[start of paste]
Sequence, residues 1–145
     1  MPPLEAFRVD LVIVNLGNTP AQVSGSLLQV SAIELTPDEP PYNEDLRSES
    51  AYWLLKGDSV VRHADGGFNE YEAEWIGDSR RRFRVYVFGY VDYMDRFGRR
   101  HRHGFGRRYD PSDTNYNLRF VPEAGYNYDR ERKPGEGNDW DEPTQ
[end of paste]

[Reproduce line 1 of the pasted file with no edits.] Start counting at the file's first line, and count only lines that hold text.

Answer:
Sequence, residues 1–145